Intermediaries operate the facilities that provide access to, or services on, the internet, including internet service providers (ISPs), search engines, social media, etc. As with all media, questions have arisen about what, if any, responsibilities, these entities should have with respect to third party content. While many observers in the 1990s saw the decentralized and cross-border nature of the internet as making it difficult to regulate, concentration levels for core internet elements – ISPs, search engines, social media sites, etc. – are in fact very high. This, in turn, has made them popular tools as part of the struggle by governments, copyright interests, and others to regulate unwelcome content such as mass piracy, child pornography, whistle-blowers, bullies, terrorists, etc. Consequently, intermediaries are being tasked – on a “voluntary” and mandatory basis – with a growing list of gatekeeper functions: website blocking and filtering, domain name seizures, data retention, etc.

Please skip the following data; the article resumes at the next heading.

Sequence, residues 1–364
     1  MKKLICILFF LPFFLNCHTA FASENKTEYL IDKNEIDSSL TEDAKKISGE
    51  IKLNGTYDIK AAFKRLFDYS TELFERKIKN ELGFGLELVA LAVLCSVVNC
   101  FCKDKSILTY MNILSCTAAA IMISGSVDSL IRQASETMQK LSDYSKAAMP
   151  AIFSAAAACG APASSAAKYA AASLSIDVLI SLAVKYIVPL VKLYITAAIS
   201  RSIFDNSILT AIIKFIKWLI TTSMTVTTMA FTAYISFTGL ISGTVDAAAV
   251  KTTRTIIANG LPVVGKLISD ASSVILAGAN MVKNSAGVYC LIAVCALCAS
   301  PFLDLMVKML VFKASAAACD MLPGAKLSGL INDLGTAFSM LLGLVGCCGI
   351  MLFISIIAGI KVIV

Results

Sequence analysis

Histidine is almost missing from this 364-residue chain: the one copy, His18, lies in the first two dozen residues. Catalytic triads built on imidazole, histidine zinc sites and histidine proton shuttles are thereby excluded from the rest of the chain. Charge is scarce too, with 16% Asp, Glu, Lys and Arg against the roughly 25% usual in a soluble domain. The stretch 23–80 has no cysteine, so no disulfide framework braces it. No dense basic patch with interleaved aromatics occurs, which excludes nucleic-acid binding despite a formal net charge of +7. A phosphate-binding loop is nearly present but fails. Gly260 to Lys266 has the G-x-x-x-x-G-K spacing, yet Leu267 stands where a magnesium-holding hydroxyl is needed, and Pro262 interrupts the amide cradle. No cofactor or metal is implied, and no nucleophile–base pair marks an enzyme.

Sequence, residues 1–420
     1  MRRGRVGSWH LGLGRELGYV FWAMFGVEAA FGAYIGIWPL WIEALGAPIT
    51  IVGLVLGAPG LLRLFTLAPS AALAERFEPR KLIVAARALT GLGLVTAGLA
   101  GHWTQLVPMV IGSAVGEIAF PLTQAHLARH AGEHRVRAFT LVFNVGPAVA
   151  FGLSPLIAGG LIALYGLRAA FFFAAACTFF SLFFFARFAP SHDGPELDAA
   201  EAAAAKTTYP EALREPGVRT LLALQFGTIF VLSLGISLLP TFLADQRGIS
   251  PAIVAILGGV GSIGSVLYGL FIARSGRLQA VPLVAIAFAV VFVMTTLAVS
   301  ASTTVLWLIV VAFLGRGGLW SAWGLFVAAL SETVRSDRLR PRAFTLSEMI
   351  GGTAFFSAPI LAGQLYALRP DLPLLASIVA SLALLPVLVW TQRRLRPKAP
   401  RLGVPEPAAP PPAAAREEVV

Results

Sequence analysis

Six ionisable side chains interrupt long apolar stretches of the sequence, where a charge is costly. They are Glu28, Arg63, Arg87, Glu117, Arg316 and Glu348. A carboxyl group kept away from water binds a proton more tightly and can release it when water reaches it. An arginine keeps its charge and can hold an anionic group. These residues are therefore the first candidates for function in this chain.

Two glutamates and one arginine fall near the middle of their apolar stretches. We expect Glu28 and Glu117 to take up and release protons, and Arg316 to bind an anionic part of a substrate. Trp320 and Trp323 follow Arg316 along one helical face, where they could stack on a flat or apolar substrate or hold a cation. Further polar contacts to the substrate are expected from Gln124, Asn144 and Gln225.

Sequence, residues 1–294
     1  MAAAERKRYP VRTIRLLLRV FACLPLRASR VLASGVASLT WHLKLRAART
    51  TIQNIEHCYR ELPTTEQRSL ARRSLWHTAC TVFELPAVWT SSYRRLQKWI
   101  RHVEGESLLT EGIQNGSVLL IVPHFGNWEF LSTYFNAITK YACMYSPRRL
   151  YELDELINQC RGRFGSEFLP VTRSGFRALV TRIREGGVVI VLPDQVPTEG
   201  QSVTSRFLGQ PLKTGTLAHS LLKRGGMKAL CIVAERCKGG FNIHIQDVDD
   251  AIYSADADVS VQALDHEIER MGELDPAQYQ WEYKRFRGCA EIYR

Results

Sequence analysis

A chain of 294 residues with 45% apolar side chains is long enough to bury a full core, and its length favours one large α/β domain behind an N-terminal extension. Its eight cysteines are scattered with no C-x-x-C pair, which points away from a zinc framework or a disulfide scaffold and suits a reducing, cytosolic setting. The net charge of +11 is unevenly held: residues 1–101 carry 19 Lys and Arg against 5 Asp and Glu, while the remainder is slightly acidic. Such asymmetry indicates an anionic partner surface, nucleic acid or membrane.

|Keywords||common carriage, content regulation, internet concentration, internet copyright, lawful access, national security|
|Publisher||John Wiley & Sons, Inc.|
Winseck, D. (2015). Intermediary Responsibility. In The International Encyclopedia of Digital Communication and Society (pp. 1–15). John Wiley & Sons, Inc. doi:10.1002/9781118767771.wbiedcs143